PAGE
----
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Carlos Monsiváis, 85 years after his birth

Rafael Aviña

Translator, Andrea Cabrera

“Infante is, since the forties, the popular Mexican archetype. He is the only one capable of portraying the melodramatic and funny way of the poor. He's the only one who can hold out the close ups of loss and desolation. He's the only one able to embody the good mood during devastations."
Monsiváis, C. (2006). Vino todo el pueblo y no cupo en la pantalla. La tradición y el público de cine en México. UNAM.


This May 4th, Carlos Monsiváis (1938-2010) would've celebrated his 85th birthday. He is one of the most atypical and charismatic artists in literature, cinema and popular culture. Monsiváis was, at the same time, the nostalgic spectator and the sharp cinephile of the old and the new millennium. Alongside his hobbies, such as his obsessive collecting (shown in Museo del Estanquillo, a temple of popular culture) and his daily work that encompassed literature, politics, culture and society, cinema occupied a leading place in his artwork and in his way of seeing the world.

Monsiváis is responsible to a great extent for the rescue of Mexican cinema of the Golden Age, and of mythical characters such as El Santo “El enmascarado de plata”, Mario Moreno “Cantinflas”, Germán Valdés “Tin Tan”, Pedro Infante or María Félix. Not to mention his support for the Mexican crime cinema, the film noir, and the vindication of wrestler's films, the Mexican Serie B and the unquestionable importance of the supporting actors of our cinema (“los característicos”, as he called them).

Some of los característicos were Conchita and María Gentil Arcos, the murdered usurer and the mother of Pepe El Toro in Nosotros los pobres; Emma Roldán, the Death in El ahijado de la muerte, and the mute maid in El compadre Mendoza; Hernán El Panzón Vera, the usual bartender with a beret and a cigar; Arturo Soto Rangel, an old doctor, a priest or a father; Leonor Gómez, a permanent extra of Mexican cinema recognizable as the woman who lost the little pig in El revoltoso with Tin Tan, or for her role as the maid in Los Fernández de Peralvillo; and Fernando Soto Mantequilla, to whom Monsiváis dedicated a heartfelt chronicle when he died in 1980.

Carlos Monsiváis
Carlos Monsiváis

Monsiváis was an actor and screenwriter besides being the author of several books and film articles such as El Crimen en el cine (1977), in which he talks about Hollywood film noir thrillers; Rostros del cine mexicano (1993); A través del espejo: el cine mexicano y su público (1994), which he wrote with Carlos Bonfil; Recetario del cine mexicano (1996); Diez segundos del cine nacional (1996), in which he chose ten classic scenes of an art he called “memory of the species”. He was a TV host on series about cinema. He directed for more than ten years the program El cine y la crítica aired on Radio UNAM. He was specialized in real crime and murder due to his fascination and knowledge of yellow journalism and crime tabloids.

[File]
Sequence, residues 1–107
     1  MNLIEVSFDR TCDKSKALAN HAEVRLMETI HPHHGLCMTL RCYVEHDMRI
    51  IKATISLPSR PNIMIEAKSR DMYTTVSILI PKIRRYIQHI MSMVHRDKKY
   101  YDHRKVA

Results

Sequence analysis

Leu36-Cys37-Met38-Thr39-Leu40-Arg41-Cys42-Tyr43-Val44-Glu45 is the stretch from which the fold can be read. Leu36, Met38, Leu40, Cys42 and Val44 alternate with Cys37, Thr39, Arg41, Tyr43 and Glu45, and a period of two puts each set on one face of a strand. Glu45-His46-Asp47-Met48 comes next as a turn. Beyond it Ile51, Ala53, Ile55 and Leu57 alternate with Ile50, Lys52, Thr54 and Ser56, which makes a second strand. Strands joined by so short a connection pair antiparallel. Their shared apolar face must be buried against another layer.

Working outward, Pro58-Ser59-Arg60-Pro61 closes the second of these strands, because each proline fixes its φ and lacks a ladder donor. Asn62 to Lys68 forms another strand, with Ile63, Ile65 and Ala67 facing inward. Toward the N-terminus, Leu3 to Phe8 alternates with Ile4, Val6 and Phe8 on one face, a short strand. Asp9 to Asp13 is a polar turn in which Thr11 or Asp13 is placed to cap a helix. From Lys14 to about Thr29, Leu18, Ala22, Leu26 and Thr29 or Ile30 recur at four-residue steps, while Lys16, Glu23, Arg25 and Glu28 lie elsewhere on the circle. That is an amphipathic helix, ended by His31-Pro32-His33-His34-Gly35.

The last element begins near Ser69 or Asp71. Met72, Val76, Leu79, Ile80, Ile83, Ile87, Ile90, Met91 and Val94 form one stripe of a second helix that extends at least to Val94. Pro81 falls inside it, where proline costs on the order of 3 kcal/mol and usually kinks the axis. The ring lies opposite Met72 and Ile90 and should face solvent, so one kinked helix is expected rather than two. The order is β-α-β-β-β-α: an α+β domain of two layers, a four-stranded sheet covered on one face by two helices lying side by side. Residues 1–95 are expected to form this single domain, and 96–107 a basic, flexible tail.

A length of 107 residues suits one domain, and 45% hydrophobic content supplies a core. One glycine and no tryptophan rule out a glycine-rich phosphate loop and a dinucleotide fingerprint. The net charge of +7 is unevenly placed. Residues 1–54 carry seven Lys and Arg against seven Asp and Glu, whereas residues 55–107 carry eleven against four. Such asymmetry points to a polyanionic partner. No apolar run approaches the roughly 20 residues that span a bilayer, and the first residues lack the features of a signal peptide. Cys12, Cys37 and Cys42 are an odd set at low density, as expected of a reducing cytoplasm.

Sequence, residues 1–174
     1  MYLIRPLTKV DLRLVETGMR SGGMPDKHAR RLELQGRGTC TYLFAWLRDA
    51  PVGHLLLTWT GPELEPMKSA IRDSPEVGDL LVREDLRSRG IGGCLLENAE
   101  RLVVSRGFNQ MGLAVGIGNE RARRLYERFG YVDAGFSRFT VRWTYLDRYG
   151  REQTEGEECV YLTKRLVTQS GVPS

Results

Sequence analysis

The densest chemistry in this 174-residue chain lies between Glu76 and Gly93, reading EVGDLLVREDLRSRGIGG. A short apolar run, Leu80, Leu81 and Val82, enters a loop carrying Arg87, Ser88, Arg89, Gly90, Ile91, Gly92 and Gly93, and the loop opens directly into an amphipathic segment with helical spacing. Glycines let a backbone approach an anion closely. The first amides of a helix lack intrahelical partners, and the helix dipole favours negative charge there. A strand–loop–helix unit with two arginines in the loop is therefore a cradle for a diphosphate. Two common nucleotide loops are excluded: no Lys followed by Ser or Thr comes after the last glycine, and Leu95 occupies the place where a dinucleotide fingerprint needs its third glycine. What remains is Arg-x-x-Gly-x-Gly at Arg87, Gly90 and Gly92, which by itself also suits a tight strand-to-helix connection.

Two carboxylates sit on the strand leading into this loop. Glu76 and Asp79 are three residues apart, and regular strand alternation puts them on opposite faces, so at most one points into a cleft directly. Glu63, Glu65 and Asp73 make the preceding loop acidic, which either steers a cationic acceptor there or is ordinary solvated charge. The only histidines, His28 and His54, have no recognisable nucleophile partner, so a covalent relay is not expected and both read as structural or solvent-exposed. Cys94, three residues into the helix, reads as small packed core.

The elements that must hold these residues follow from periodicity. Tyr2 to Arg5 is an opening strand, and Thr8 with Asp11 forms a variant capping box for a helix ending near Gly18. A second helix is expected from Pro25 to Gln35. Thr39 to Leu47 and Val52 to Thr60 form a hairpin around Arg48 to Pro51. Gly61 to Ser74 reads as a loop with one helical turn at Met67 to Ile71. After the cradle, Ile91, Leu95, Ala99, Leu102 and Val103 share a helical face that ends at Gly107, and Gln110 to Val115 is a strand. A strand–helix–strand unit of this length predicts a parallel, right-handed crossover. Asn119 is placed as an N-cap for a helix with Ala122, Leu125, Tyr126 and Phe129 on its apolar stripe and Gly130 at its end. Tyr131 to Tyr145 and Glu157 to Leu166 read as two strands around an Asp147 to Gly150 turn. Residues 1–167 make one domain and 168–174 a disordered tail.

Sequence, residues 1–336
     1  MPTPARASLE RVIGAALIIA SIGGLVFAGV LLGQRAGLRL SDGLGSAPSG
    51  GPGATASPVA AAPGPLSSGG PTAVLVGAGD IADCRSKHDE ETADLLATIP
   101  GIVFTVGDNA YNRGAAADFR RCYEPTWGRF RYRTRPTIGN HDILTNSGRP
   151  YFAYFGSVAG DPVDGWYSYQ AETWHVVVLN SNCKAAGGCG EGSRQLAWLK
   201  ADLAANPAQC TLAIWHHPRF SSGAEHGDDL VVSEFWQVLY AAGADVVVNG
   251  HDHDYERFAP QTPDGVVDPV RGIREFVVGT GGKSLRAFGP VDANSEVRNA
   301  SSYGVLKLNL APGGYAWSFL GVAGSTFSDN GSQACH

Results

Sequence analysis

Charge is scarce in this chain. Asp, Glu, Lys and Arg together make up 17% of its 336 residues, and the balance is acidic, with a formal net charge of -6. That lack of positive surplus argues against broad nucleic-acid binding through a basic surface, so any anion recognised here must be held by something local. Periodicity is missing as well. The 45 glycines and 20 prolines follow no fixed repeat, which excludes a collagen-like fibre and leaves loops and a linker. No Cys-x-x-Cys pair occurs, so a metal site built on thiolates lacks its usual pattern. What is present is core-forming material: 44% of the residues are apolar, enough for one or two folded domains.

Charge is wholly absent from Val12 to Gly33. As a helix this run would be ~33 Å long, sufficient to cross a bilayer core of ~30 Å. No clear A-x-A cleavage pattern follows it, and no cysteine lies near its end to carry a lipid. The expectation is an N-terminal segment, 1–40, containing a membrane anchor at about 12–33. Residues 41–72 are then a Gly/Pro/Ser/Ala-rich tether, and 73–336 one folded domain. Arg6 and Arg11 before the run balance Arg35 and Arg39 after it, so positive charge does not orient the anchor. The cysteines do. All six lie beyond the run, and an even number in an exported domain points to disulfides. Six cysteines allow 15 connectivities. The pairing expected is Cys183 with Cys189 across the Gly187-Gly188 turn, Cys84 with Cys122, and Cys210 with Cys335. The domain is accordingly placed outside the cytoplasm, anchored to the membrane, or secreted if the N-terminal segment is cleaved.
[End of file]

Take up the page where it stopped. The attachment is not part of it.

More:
During the First Experimental Film Competition of 1964, the young essayist and writer, Carlos Monsiváis, dedicated to that film counterculture of independent cinema, made his debut in Tajimara, a remarkable debut film by Juan José Gurrola based on a story by Juan García Ponce. In the party scene at the Tajimara mansion, Monsiváis and Tamara Garina can be seen enjoying the musical number of Pixie Hopkins and Beatriz Sheridan. He also plays a bit part in Un alma pura, directed by Juan Ibáñez. In the movie of Alberto Isaac, En este pueblo no hay ladrones, he plays a dominoes player alongside other characters of the national culture: Abel Quezada and Juan Rulfo.

Another of his way more interesting appearances take place in Los caifanes (1967) by Juan Ibáñez, where he plays a streetwise and alcoholic Santa Claus whose wig is burned; in Las visitaciones del diablo (1967) by Alberto Isaac, with an incidental performance; and in the documentary México de mis amores (1976) by Nancy Cárdenas, where his texts about his critical and nostalgic analysis of the Golden Years of national cinema play a role.

Finally, and as a private joke, Monsiváis agreed to make brief appearances in the following: Emiliano Zapata (Felipe Cazals, 1970); Ciudad de ciegos (Alberto Cortés, 1990); La guerrera vengadora 2 (Raúl Fernández Jr., 1991); Fonqui (1984), a short documentary by Juan Guerrero from Centro de Capacitación Cinematográfica (CCC), in which he participated as a scriptwriter; La media vuelta videoclip of Luis Miguel (Pedro Torres, 1994); Un mundo raro (Armando Casas, 2000), where he plays himself; Nocturno amor que te vas (1986); Golpe de suerte (1991); Acosada (2000) by Marcela Fernández Violante; El día perfecto (Bernardo Loyola, 2004); in the documentaries Un retrato de Diego (Diego López and Gabriel Figueroa Flores, 2007) and Ni muy, muy... ni tan... tan, simplemente Tin Tan (Manuel Márquez, 2005), where he makes overwhelming comments; and more...